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Applying for Residency: Assembling the Application

As August begins, rising fourth-year medical students at the Johns Hopkins University School of Medicine are preparing to apply to the next step in their medical training – residency, a three-to-seven-year apprenticeship where students transform into independent practicing physicians. In fact, with applications due in September, many students have already been preparing for weeks, if not months. Amid various drafts of personal statements explaining why they want to go into this specific field of medicine, students are meeting with both their College Advisory Program (CAP) advisors and the school of medicine deans  to polish their application. With peer and mentor guidance, students have been buffing and shining their CVs and smiling for headshots in the hopes that their  dream residency will rank them highly.

doctor using the computer with a stethoscope next to herBut first things first, application materials need to be compiled. Applicants must recruit individuals in their chosen field willing to write stellar letters of recommendation, craft a genuine and compelling personal statement, and build a careful resume that shows both depth and direction. Altogether, they strive to tell a cohesive story that accurately represents the individuals and their ambitions to residency programs across the country, convincing said programs to invite them for an interview. For medical students, the ultimate outcome of this process determines where they will live and train for the next three to seven years of their lives.

So far for me, the process has been smooth. Interested medical students have had numerous opportunities to help organize their application preparations. Earlier in May, and again in June, the CAP advisors held a CV and personal statement workshop in order to give students feedback on their drafts. Soon after that, the dean’s meetings (required for all applicants) began.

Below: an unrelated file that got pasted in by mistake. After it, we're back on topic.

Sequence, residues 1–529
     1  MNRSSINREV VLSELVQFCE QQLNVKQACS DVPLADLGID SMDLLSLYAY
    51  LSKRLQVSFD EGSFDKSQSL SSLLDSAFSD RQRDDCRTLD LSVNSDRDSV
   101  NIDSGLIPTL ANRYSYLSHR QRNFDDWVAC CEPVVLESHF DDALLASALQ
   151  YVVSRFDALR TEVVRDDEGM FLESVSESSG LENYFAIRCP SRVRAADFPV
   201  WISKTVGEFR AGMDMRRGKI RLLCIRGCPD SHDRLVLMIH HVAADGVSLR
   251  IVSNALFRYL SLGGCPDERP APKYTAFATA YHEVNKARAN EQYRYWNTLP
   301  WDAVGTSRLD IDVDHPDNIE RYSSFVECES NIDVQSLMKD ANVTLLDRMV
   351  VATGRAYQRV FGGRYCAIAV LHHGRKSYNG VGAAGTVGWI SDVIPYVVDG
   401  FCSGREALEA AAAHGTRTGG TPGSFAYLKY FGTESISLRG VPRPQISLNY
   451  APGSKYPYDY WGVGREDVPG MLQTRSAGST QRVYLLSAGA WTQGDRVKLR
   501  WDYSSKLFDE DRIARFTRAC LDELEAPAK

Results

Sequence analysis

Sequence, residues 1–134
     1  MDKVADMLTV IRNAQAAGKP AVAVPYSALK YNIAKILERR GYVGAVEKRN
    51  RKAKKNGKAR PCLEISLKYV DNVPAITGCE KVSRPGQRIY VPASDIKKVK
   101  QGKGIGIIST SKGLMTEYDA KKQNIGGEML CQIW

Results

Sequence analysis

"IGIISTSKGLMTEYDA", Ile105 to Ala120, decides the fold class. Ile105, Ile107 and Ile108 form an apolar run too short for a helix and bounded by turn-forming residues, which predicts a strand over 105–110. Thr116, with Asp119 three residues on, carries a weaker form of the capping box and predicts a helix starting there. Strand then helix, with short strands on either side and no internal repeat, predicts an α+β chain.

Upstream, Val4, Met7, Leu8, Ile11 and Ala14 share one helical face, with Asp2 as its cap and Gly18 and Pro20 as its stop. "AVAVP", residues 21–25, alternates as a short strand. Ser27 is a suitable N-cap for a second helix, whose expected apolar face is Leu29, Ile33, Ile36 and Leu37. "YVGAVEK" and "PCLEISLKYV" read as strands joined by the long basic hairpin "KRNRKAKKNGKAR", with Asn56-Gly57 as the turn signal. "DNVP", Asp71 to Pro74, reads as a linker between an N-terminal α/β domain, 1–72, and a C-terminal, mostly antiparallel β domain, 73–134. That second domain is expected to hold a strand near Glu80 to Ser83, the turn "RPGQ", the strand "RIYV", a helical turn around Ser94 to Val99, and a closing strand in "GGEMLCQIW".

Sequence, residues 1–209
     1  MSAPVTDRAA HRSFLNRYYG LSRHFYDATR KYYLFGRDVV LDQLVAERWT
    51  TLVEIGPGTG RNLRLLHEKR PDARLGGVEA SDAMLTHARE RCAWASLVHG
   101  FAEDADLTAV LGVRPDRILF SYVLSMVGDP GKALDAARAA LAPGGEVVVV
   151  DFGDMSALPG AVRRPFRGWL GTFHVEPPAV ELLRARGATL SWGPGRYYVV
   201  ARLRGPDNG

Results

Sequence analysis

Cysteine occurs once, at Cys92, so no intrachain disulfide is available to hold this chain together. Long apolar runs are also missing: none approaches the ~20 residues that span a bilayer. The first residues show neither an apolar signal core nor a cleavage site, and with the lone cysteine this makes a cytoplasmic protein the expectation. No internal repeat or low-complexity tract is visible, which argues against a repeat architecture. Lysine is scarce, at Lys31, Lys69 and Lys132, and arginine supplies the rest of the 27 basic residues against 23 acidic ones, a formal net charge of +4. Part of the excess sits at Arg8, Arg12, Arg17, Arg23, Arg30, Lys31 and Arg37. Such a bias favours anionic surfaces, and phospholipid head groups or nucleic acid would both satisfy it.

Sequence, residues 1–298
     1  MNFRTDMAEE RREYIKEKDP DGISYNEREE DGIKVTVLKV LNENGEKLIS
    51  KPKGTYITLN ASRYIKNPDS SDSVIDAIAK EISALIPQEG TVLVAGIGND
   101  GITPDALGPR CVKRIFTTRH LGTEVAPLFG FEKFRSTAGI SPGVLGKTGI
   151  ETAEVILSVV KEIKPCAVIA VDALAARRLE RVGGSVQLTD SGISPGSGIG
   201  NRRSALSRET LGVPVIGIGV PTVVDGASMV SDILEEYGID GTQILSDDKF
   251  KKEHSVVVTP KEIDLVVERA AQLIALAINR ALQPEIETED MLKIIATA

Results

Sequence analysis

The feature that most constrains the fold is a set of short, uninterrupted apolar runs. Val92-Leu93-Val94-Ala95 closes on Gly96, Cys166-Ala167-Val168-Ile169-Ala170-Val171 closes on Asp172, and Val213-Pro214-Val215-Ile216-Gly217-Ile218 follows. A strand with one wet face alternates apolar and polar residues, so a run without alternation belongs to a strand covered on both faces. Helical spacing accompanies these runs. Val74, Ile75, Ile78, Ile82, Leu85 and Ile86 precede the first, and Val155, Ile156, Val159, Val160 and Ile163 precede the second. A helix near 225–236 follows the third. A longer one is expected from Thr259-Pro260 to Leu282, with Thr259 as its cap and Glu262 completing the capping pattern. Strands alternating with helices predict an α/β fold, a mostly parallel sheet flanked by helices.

Before I met with my dean, he requested that I send him my personal statement and CV, and that I fill out a dean’s meeting form. While the multi-essay form was daunting, it allowed for self-reflection, helping me to think more deeply about how I grew over the past several years, and in what direction I wanted to continue to grow.

Aside from asking what talents I would bring to my future field of medicine, the dean’s form required me to reflect on why I initially wanted to become a physician, and how I viewed my future career. The meeting itself was a surprisingly low-stress event, geared not only at drafting my medical student performance evaluation, a critical part of the residency application, but also at answering any questions I had about the application process. I left the Office of Student Affairs assured that I have support during what promises to be an exciting, but stressful, next several months until Match Day.

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